Hot – Andrea Bargnani. Andrea gets the hot nod from me because of his unusual game last night. At times I didn’t know if I was watching Bargs, or Tom Chambers circa 1988! I mean, Andrea missed all three of his 3-point shots, yet kept driving the lane, looking to dunk or post-up on almost every occasion. It was a sight to behold, and hopefully this is a sign of what his game will start to morph a little more into as time goes on, and as his off-season training regimen incorporates more "big man" elements.

Luke-warm – Chris Bosh. CB4 had a great game statistically again with 21 points, nine rebounds, three assists, three steals and a block. His energy and passion was on display, and normally he’d be a candidate for the "hot" section without a doubt.

However I really hate the taste left in my mouth by this whole "fans are too quiet" situation. Last night, it was almost a "pins and needles" situation with Jack and Chuck constantly reaffirming the fans’ level of noise, and the RaptorsTV camera crew were out in full-force looking for signs that fans in Toronto REALLY DO CARE!

Give me a break. In some ways, I’m finding it hard not to agree with The Star’s Dave Feschuk this morning in his article "Memo to Bosh: Shut up and Win."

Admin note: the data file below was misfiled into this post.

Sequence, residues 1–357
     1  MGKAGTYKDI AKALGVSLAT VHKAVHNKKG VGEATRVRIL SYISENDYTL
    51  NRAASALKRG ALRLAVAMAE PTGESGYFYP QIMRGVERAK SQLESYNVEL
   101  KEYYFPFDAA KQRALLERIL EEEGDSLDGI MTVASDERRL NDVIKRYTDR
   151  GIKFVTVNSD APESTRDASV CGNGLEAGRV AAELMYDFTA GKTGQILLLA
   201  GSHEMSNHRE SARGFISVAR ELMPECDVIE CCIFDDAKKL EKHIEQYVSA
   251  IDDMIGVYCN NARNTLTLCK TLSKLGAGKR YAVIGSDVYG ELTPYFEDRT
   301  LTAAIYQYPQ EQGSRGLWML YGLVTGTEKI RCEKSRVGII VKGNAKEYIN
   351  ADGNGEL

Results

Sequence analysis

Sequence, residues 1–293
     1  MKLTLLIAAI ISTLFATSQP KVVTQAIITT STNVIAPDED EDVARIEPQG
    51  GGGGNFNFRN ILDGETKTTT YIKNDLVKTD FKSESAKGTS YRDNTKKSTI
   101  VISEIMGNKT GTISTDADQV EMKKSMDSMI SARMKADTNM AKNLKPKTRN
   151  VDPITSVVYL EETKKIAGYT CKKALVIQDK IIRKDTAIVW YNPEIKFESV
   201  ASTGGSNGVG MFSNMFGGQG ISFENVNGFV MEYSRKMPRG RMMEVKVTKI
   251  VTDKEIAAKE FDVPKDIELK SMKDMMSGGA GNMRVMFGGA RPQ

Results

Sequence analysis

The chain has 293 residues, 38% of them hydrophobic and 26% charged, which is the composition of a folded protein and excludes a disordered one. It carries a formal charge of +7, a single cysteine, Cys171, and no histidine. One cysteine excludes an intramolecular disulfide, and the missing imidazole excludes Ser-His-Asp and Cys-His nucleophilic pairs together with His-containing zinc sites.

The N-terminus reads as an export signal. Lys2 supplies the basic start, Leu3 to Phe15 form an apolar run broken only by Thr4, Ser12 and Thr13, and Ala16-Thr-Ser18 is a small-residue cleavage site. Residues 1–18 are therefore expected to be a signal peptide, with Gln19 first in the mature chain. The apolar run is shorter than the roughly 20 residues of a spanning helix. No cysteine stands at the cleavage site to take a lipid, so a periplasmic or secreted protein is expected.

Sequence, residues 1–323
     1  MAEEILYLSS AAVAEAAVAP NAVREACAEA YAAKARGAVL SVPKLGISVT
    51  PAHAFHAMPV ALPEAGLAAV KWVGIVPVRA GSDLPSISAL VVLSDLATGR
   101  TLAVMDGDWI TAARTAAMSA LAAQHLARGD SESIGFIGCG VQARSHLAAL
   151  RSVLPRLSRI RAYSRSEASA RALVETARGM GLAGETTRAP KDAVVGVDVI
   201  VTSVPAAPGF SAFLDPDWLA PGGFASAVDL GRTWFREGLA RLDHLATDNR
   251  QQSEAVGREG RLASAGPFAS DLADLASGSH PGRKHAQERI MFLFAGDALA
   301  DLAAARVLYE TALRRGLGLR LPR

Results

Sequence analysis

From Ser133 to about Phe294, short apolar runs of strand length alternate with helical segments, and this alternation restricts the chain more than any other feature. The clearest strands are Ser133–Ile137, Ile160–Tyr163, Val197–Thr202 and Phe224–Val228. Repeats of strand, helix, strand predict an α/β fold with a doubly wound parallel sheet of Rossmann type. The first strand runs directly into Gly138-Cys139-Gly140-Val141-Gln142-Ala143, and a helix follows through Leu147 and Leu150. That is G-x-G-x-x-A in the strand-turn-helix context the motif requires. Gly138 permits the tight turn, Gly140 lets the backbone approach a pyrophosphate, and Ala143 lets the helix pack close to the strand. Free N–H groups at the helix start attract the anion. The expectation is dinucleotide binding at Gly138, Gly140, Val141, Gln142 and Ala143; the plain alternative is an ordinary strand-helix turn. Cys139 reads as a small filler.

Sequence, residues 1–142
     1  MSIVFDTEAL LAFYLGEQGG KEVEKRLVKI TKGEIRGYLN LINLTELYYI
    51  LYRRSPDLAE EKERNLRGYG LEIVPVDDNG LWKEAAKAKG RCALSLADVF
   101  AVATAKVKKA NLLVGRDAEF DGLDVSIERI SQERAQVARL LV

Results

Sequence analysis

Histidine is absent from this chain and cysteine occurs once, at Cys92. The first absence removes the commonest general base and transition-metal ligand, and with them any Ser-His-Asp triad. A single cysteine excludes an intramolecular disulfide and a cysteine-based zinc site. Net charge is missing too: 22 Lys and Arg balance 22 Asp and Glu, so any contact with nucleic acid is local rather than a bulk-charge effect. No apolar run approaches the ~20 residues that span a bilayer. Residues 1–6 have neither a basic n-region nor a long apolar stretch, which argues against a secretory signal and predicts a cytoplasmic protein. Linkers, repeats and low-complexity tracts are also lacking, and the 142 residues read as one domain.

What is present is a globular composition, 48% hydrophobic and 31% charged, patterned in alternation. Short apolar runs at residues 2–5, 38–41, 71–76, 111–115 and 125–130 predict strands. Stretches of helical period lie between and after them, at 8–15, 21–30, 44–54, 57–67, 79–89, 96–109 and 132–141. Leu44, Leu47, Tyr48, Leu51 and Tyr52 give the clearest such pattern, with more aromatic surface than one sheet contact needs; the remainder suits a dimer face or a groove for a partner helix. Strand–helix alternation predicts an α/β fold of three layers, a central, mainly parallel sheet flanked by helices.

The whole situation just sucks. I mean, who’s to say the ACC last night wouldn’t have been JUST as loud had Bosh not said anything? Instead, the whole thing felt forced to me, and at times I just found watching the game a bit awkward. Maybe it was just me but can anyone who attended last night’s game give us some idea of the atmosphere? Real? Same as usual? Over the top for no reason but Bosh’s comments? Whatever.

Lukewarm – Vince Carter. Oh Vince. Carter did have a solid game statistically, and he was especially dominant in the first quarter. However seeing him hamming it up on the bench while his team was getting blitzed by the likes of Joey Graham and co., just reaffirmed why Carter is sitting out of this year’s playoffs. And does anyone think that Carter will actually get back to the playoffs again in his career? Think about that one for a second…

Cold – Richard Jefferson. RJ played last night like he was backing up some of his recent "read between the lines" type comments to the media; GET ME OUT OF HERE. Hey Richard…remember how you enjoyed wearing Raptors’ red to thwart fans in the playoffs last year? How about wearing it for real next season in our starting line-up?

Will we see Bosh vs. Wallace tomorrow, or Amir Johnson vs Joey Graham?